The things you describe can definitely be symptoms of anxiety and depression -- including changes in behavior. With new symptoms like this, it's often wise to consult a doctor, as these symptoms can be part of other things, too. A doctor can help treat anxiety or refer you to someone that is a good fit. Something important to realize: there isn't a "problem" with who you are. You are experiencing something that is causing problems for you, but you yourself aren't a problem.
I tend to overthink and always think people are talking about me
for example i can be standing somewhere some school kids can be in a group near me this happens with some people ive had trouble with before
and anything i kind of hear them say , if they laugh and if they look at me i kind of think that they are talking about me
ive been wrong before
but im wondering if its because ive had trouble with some people before and thats why i tend to believe they are always talking about me when they are around me
Anxiety can come from many different sources. A very legitimate cause of anxiety is past experiences. Prior negative experiences with people can cause you to lose trust in what people are up to now. Many things can help with this. Working with a therapist can be great because he/she can help you figure out if your thoughts are accurate (as in based on real events and actions of others), and they can help you overcome anxiety about what others are saying/doing. There are good self-help books, too. For this type of anxiety, cognitive-behavioral therapy (CBT) and acceptance and commitment therapy (ACT) are particularly useful. It's definitely possible to overcome this anxiety!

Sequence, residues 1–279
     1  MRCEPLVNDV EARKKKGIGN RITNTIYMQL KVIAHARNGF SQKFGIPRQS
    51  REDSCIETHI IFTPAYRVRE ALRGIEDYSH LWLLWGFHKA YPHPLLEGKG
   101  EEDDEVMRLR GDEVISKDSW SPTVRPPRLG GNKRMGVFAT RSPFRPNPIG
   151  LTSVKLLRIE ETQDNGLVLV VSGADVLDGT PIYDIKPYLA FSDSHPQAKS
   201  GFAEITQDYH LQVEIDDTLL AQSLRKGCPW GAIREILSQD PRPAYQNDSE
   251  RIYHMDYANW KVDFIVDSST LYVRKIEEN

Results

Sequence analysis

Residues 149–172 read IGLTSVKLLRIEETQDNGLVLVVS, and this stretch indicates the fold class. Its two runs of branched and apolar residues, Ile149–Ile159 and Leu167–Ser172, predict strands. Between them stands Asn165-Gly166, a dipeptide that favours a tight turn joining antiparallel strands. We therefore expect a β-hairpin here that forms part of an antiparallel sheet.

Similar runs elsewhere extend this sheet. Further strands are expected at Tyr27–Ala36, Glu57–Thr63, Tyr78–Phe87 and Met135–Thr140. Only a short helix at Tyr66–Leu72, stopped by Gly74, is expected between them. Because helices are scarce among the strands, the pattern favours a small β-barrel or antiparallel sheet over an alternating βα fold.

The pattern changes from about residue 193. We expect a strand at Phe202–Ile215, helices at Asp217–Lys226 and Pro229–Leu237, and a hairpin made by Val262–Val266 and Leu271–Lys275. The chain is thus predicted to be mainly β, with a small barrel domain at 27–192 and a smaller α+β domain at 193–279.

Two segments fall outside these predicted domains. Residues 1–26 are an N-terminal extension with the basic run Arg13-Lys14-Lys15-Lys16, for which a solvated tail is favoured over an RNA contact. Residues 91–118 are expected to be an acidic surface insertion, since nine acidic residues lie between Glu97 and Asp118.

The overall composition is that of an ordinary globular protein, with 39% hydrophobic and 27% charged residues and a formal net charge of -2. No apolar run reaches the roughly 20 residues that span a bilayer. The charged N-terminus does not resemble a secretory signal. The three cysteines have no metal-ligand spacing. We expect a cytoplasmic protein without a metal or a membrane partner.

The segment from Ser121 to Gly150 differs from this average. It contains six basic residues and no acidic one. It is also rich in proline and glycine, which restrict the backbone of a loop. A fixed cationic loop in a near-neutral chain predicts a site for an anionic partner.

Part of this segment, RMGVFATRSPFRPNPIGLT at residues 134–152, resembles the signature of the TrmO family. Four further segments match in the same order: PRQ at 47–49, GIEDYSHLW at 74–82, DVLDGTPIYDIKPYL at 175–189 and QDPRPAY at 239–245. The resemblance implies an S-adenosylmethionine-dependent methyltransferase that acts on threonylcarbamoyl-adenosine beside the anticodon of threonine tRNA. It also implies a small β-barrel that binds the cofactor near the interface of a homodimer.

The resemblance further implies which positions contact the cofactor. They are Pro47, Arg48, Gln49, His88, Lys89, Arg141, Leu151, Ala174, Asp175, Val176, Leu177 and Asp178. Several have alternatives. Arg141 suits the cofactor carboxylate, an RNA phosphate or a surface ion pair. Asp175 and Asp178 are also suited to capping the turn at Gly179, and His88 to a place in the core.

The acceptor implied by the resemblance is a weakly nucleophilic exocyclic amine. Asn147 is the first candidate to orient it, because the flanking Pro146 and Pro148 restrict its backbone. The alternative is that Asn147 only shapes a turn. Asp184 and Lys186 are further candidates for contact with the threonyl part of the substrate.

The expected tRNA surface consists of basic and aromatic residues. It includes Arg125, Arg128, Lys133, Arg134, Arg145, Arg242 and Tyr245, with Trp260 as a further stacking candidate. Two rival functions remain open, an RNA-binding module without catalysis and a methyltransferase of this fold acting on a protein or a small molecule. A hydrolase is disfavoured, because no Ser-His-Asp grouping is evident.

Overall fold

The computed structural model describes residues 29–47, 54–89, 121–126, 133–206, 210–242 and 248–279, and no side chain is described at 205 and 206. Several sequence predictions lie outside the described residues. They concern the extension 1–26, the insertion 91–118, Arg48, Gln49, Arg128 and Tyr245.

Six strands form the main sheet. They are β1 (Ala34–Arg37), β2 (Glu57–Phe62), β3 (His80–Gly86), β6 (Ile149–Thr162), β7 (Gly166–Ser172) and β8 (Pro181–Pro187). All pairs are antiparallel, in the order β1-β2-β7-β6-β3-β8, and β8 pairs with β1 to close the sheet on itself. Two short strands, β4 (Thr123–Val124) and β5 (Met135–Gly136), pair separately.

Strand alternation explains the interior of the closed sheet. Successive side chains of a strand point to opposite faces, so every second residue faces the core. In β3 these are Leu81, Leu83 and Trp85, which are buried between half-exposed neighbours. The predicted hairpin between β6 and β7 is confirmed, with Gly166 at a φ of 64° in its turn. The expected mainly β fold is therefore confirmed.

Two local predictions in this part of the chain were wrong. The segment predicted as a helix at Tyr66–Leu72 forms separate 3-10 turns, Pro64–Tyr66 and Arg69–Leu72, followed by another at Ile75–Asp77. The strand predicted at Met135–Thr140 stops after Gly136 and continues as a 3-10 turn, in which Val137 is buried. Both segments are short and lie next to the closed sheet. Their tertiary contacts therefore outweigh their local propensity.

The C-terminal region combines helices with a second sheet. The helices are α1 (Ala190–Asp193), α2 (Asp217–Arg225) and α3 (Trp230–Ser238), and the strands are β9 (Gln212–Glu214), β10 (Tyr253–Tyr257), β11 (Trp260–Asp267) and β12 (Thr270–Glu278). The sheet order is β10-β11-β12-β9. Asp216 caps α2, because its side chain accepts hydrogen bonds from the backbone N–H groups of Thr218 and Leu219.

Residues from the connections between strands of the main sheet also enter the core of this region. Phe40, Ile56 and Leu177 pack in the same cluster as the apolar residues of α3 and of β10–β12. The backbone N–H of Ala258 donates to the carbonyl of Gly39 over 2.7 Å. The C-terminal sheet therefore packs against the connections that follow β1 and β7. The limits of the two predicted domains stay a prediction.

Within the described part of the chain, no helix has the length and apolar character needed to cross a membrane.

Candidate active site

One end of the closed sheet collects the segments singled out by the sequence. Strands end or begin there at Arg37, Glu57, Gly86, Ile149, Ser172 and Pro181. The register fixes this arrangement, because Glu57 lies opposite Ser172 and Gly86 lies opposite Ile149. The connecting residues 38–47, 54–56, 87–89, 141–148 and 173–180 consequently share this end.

Yes i am seeing a counsellor
I think my Anxiety comes from past experiences , i tend to overhear some peoples conversation or see the way some people look at me when they are near me and just automatically think that they are talking about me but there is always the case of maybe they actually weren't talking about me and I've just created a problem that wasn't there
Thankyou So Much
I'm sorry that you have been going through this. I'm sure it is very hard to stay confident, and no, you aren't stupid for any of this. It sounds like you were stuck in a very toxic friendship and others jumped on board with the name calling, etc. I have something for you to think about. People act this way because of their own insecurities and problems. (And let's face it, there are people who are just jerks, and they're that way to everyone -- but it feels like you're the only one they treat horribly). I say this confidently because I've been in high schools as a teacher and counselor and as a human I've experienced horrible treatment. You've been dealing with this for an incredibly long time, and it makes sense that you are feeling the way you do. The important part, and the part that shows how much stronger you are than the bullies (seriously, people who act like that are pretty weak because that's the only way they know how to make themselves feel better or to deal with problems in their life). There's a big difference between having these thoughts and feelings and acting on them. I'm going to give you a link to a list of hotline numbers and other resources. There are people who can talk to you and help you figure out your next steps. Using these resources will help you move forward and live the life you want to without these bullies and toxic people stopping you. It's very possible for you. You've already reached out so you're past the first step. You've got this, and you'll come to believe it. I sincerely wish you the best.
Thank you for writing this, it helps a little. I still can't stop myself overthinking, and its driving me to the brink of insanity. I ruined a perfect chance at a relationship today, over a minor tiny detail that i couldn't stop obsessing about. I try constantly to find way to distract myself, but i can never do it. My mind just takes control, and i have no control over it.
I really appreciate people who write things like this!
Thank you so much for your comment. I appreciate knowing that this was a little helpful (or at least something you could relate to and see that you're not alone). I understand the feeling that your mind takes control. I have personal experience with that feeling! Does it help to know that you really can develop control over your mind's overthinking? I do continue to overthink, but I don't listen anymore. (Oh, and I'm sorry about what happened with your relationship. Maybe you can try to reconnect??)